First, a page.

In April 2005, Australian Thomas McCosker and Fijian Dhirendra Nadan were sentenced to two years jail under Fiji’s sodomy legislation. At the trial, magistrate Syed Muhktar Shah said their behaviour “would make any decent person vomit”.
Four months later, the pair were acquitted on appeal, as the Fiji High Court ruled that individuals conducting homosexual acts in private were protected by the constitution.
Suva resident Tony, 25, who prefers not to use his real name due to the emergency decrees, said this case was unusual because such prosecutions are uncommon in Fiji.
While there is no evidence to suggest a direct link, the following year there was an unofficial policy announcement that men would not be arrested for consensual gay sex. However, the Government made no official legislative changes — the British sodomy law remains on statute outlawing both private and public sodomy acts.
Former Prime Minister Laisenia Qarase was cited in 2005 as saying the Bible stated homosexuality was a sin and the Fiji law reflected that.
Tony believes there is a lack of understanding around diversity.
“Fiji is a conservative, religious nation. The Methodist church is powerful and they have always been vocal that homosexuality is against God’s law. There is a negative portrayal of gays in Fiji as most people do not even understand homosexuality,” Tony said.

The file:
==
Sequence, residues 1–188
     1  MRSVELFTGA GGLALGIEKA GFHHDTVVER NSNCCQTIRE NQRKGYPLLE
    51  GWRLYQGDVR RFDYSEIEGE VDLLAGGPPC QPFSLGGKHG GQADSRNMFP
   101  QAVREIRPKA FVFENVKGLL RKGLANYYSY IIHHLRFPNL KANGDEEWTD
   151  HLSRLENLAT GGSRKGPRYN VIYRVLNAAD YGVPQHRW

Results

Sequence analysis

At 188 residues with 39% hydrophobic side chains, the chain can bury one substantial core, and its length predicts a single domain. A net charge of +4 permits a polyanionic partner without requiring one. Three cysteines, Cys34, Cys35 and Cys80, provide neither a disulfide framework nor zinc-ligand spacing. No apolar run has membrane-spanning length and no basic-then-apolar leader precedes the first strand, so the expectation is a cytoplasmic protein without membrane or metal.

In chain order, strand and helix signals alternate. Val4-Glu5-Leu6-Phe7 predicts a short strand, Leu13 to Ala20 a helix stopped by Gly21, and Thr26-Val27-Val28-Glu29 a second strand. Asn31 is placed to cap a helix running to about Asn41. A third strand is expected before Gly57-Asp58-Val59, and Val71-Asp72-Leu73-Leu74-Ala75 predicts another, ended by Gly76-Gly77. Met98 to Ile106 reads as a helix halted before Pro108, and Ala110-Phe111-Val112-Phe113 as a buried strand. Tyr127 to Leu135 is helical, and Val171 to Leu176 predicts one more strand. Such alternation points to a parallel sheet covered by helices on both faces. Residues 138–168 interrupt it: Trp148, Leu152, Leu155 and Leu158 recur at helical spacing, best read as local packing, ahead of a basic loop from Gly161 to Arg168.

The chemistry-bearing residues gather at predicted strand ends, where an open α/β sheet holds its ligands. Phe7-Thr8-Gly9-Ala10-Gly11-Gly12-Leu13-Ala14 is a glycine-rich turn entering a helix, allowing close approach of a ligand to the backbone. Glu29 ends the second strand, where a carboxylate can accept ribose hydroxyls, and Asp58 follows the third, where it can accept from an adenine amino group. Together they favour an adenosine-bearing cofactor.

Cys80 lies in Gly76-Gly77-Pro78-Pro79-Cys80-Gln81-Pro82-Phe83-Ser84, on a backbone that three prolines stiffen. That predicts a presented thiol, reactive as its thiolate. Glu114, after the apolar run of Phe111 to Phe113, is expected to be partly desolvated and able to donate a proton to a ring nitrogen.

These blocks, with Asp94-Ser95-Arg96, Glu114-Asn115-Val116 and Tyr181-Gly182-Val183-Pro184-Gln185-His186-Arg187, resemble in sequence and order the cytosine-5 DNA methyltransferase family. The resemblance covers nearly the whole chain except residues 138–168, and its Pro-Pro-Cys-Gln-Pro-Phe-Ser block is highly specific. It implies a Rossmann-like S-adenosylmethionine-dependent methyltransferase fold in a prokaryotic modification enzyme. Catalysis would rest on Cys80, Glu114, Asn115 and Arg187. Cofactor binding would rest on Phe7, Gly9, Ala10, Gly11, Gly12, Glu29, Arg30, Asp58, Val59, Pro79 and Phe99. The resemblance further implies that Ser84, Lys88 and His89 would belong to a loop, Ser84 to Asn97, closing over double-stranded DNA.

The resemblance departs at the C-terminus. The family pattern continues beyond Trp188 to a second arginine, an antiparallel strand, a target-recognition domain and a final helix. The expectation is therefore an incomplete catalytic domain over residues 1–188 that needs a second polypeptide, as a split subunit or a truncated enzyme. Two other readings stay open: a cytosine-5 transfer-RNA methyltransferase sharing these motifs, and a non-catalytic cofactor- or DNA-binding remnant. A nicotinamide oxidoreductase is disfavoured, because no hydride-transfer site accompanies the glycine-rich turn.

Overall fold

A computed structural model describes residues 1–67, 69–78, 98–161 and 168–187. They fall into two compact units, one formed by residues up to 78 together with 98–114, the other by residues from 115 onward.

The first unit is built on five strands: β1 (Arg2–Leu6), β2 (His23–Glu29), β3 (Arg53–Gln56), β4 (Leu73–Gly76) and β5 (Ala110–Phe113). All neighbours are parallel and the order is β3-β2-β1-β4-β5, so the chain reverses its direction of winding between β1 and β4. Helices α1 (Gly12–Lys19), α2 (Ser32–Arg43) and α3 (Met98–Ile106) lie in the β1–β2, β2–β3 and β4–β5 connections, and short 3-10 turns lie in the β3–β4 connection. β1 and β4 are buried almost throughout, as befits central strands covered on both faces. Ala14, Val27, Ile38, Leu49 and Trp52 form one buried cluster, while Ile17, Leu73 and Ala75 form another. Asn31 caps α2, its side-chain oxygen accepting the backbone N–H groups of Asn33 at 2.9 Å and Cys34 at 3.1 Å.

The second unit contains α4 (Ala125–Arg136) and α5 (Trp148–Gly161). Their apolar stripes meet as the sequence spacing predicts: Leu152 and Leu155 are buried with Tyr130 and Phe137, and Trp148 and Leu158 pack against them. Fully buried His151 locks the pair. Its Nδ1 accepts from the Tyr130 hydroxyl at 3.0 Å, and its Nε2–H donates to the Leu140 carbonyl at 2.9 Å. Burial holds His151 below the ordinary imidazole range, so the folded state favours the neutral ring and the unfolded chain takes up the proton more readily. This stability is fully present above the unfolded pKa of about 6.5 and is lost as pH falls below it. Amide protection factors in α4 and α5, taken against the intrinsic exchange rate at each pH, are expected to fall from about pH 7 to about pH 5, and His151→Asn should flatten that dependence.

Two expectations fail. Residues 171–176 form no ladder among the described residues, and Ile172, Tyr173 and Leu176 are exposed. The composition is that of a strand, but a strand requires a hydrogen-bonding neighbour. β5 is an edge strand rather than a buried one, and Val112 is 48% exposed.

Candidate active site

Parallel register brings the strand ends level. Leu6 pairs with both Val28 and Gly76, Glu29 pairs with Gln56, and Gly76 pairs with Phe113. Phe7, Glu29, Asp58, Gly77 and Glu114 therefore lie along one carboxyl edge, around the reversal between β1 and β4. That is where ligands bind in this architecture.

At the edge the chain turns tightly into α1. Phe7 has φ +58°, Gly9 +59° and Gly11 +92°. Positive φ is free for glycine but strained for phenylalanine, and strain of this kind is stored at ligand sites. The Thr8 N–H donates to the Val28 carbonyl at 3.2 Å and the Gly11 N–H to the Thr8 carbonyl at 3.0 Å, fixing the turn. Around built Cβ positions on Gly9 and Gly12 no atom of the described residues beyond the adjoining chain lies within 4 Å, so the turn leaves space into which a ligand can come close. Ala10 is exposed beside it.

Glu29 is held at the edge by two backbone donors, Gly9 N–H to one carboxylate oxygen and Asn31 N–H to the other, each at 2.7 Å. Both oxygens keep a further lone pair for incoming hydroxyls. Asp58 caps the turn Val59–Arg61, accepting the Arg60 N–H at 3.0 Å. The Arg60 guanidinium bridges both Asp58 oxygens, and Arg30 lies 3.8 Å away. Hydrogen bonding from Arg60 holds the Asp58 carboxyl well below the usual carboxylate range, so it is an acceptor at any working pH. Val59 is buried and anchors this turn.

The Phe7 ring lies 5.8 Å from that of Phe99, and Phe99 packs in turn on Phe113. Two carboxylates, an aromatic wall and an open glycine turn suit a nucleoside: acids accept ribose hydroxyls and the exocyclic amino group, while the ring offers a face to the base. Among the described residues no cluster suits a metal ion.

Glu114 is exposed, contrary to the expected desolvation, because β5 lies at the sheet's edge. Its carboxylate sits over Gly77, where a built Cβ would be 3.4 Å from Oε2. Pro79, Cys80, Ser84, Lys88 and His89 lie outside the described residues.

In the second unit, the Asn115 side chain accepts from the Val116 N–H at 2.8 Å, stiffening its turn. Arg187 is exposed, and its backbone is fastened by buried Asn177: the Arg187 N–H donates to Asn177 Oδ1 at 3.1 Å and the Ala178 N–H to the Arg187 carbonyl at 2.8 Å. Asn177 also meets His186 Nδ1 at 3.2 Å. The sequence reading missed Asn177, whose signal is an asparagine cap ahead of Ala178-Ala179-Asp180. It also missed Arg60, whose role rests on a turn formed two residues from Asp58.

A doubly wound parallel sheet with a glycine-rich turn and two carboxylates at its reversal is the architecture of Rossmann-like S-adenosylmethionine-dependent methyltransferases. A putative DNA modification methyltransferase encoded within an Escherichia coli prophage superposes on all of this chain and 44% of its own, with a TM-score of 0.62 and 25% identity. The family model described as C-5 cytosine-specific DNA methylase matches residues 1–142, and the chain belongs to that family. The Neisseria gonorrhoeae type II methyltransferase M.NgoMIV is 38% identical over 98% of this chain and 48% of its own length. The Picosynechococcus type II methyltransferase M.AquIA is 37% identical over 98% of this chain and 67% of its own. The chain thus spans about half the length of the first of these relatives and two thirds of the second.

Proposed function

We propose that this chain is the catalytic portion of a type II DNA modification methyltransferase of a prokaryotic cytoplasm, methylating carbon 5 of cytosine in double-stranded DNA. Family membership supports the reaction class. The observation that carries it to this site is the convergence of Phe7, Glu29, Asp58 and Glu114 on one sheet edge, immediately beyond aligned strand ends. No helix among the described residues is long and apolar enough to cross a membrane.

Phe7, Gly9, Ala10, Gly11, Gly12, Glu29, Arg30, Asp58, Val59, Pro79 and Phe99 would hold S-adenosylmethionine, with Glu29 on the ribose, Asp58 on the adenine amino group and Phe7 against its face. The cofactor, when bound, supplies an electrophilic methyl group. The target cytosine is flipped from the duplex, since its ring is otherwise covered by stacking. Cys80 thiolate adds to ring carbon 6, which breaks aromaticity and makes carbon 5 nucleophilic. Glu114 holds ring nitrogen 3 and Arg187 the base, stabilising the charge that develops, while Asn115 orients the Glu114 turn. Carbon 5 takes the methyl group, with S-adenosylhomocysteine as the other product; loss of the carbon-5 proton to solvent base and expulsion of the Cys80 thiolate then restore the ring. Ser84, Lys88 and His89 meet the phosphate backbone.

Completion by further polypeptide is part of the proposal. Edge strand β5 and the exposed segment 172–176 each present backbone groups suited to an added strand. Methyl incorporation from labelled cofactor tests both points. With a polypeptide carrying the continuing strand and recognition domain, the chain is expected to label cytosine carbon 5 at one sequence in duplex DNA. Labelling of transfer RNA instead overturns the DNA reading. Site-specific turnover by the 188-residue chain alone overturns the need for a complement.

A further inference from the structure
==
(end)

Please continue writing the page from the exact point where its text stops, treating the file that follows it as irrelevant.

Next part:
In 1997 Fiji became the second country in the world to outlaw discrimination on the basis of sexual orientation in their constitution. It was this constitutional change, together with the privacy clause, which aided in the McCosker/Nadan case.
This year, under the military coup this constitution was abolished. Tony hopes an equality clause will be reinstated in the new constitution.
“According to Commodore Bainimarama, Fiji will have a new constitution by 2013. The new constitution promises to enshrine equal rights for all in Fiji. If we are to follow South Africa’s lead and remove all discrimination then hopefully gays can get some equal recognition too,” Tony said.
“But I personally do not foresee this happening, as equal rights for Fiji LGBTs still have a long way to go. We don’t have a single organisation or NGO that is advocating for gay rights.”
In an effort to unite Fiji’s gay and lesbian population, Tony has established a Facebook group called Rainbow Fiji.
“I created the group hoping to bring all the Fiji LGBTs together. I want the younger Fijians questioning their sexuality to know they are not alone in the world. I want them to know its OK to be gay and there is nothing wrong with expressing our sexuality,” Tony told SSO.
“I hope to register my group as an NGO. My long-term goal is to establish a LGBT youth centre in Suva. Local reaction to whatever work we do is hard to gauge. I bet the Methodist Church and other religious organisations are not going to be happy. Everyone talks about making a difference but I want to actually do something.”
Suva-born Tavai, 27, believes the solution lies with a united front.
“There is so much segregation within the gay community alone, and before we lobby and work on the advocating of equal rights for LGBTs in Fiji, we must first, most importantly, work together as a family.”